Latest measures target officials and arms dealers as the military uses brutal force to respond to widespread armed resistance to its rule.
The United States and European Union have announced new sanctions against Myanmar’s military regime aimed at officials, companies and arms dealers, as campaigners urge quicker implementation of the measures given the deepening crisis in the country.
The EU sanctions apply to 19 more individuals and entities, including a minister and chief justice, and are a result of “the continuing escalation of violence and grave human rights violations following the military takeover two years ago”, the European Council said on Tuesday.
The US blacklisted an arms dealer, Kyaw Min Oo, and his Sky Aviator Company.
Kyaw Min Oo has close ties to the Myanmar military and has acted as the middleman to arrange visits to Myanmar by high-ranking foreign military officers, a US Treasury Department statement said.
Sky Aviator has facilitated arms deals on behalf of the Myanmar military, including the importation of aircraft parts, it added.
“Kyaw Min Oo profits from the violence and suffering the military has inflicted on the people of Burma since the military coup,” said Brian Nelson, the Treasury undersecretary for financial intelligence.
Myanmar was plunged into crisis when the armed forces, under Senior General Min Aung Hlaing, seized power from the elected government of Aung San Suu Kyi in a coup in February 2021.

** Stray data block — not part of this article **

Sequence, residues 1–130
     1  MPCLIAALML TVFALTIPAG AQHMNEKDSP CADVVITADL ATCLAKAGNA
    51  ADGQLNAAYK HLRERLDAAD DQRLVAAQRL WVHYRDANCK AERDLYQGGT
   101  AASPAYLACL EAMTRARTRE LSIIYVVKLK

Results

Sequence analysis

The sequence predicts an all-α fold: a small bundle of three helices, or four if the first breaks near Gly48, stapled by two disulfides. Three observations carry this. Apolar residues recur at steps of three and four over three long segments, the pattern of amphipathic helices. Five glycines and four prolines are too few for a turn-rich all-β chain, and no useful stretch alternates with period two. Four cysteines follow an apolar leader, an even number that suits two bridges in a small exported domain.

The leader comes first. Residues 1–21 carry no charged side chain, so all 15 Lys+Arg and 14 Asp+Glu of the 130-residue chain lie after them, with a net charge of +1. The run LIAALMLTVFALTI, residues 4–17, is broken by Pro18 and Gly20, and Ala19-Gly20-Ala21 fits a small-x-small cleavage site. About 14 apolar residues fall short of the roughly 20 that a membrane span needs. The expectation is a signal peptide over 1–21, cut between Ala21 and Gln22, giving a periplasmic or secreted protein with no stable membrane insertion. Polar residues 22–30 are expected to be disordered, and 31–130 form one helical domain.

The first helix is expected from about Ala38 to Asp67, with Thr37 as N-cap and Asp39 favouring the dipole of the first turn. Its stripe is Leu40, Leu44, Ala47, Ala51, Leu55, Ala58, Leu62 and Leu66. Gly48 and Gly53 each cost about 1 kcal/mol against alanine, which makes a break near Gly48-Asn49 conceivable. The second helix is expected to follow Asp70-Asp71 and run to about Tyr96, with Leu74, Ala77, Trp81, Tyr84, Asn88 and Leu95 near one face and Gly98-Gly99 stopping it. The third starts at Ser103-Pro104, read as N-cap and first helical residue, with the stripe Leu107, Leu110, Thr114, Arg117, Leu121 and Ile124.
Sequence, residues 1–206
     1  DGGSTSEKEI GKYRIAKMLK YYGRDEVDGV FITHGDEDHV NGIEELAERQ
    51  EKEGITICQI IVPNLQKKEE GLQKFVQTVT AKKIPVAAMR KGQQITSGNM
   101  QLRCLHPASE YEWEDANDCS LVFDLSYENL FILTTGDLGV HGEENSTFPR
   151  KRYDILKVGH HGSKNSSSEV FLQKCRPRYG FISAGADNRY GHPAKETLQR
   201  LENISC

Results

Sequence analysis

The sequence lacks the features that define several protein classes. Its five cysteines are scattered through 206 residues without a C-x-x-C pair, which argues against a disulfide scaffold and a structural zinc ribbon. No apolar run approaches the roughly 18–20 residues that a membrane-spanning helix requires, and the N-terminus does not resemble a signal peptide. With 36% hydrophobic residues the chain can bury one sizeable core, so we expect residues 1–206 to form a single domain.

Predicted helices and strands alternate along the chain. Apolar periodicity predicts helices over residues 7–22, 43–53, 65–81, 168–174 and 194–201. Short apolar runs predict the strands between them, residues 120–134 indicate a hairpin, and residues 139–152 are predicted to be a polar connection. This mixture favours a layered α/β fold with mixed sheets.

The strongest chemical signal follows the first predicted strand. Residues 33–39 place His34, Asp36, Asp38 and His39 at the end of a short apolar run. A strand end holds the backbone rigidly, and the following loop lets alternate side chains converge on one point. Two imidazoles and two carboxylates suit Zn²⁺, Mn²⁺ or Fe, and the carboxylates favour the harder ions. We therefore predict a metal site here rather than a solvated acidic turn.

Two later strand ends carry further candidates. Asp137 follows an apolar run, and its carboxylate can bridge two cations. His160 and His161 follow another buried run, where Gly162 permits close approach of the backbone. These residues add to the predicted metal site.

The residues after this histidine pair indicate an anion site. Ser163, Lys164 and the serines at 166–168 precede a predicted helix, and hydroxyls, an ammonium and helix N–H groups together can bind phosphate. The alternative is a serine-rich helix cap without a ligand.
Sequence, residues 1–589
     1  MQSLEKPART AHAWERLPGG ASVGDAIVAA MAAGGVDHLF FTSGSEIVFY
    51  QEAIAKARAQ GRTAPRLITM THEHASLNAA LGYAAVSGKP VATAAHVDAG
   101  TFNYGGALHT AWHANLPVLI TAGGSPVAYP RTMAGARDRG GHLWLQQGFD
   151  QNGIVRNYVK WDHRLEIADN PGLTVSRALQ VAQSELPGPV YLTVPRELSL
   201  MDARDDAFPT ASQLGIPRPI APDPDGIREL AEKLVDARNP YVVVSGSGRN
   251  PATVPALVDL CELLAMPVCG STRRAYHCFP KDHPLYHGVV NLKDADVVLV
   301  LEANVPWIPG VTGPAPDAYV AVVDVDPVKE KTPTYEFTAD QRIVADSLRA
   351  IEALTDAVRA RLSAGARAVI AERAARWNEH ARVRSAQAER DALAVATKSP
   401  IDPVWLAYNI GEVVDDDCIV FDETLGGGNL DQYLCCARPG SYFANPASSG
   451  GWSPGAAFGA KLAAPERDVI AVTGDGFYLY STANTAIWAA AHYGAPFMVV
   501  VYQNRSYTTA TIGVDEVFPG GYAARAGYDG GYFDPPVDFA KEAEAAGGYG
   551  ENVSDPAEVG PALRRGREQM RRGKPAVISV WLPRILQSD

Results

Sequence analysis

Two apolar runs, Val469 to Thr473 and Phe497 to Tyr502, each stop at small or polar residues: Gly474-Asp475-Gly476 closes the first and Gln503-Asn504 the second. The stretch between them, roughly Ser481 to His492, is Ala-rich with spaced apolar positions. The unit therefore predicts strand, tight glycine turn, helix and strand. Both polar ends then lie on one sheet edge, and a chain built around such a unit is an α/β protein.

The military has faced widespread armed resistance to its rule and has responded with brutal force.
More than 2,400 people have been killed in the past two years, according to monitoring group the Assistance Association for Political Prisoners, while the UN children’s agency estimates that one million people have been displaced.
The new EU sanctions apply to members of the military, members of the State Administrative Council (SAC) – the body set up by the military to run the country – as well as the judiciary and prisons service.
Also blacklisted were Tay Za and Aung Myo Myint, who have traded arms for the Myanmar military, and Naing Htut Aung, who has funded the military in relation to the crackdown on the Rohingya and also brokered weapons.
The latest package of measures marked the date of the last general election in Myanmar when Aung San Suu Kyi and her National League for Democracy party were returned to power in a landslide.
It was the EU’s first new package of measures since February.
In total, 84 individuals and 11 entities in Myanmar now fall under the EU sanctions, which include visa bans and the freezing of assets in the European Union.
“The EU has the right policy, to cut off sources of revenue and arms to the Burmese military, but they are not implementing it fast enough,” Mark Farmaner, Director of Burma Campaign UK said in a statement. “Every day there are more airstrikes, artillery strikes or arrests, the EU needs a sense of urgency. Cutting off the Burmese military’s access to money and arms will save lives.”
The Burma Campaign is urging the EU to sanction suppliers of aviation fuel to Myanmar and ban European companies from any involvement in the supply of such fuel to the country.
Rights group Amnesty International made a similar call last week as it released a report documenting 16 air attacks that took place between March 2021 and August 2022 in Kayah, Kayin and Chin states as well as in the central Sagaing region.
The air attacks killed at least 15 civilians, injured at least 36 others and destroyed homes, religious buildings, schools, health facilities and a camp for displaced people.
In two of the attacks, the military used cluster munitions, which are banned internationally.
“A fraction of the action being taken in response to the invasion of Ukraine would be transformative for the situation in Burma,” the Burma Campaign said.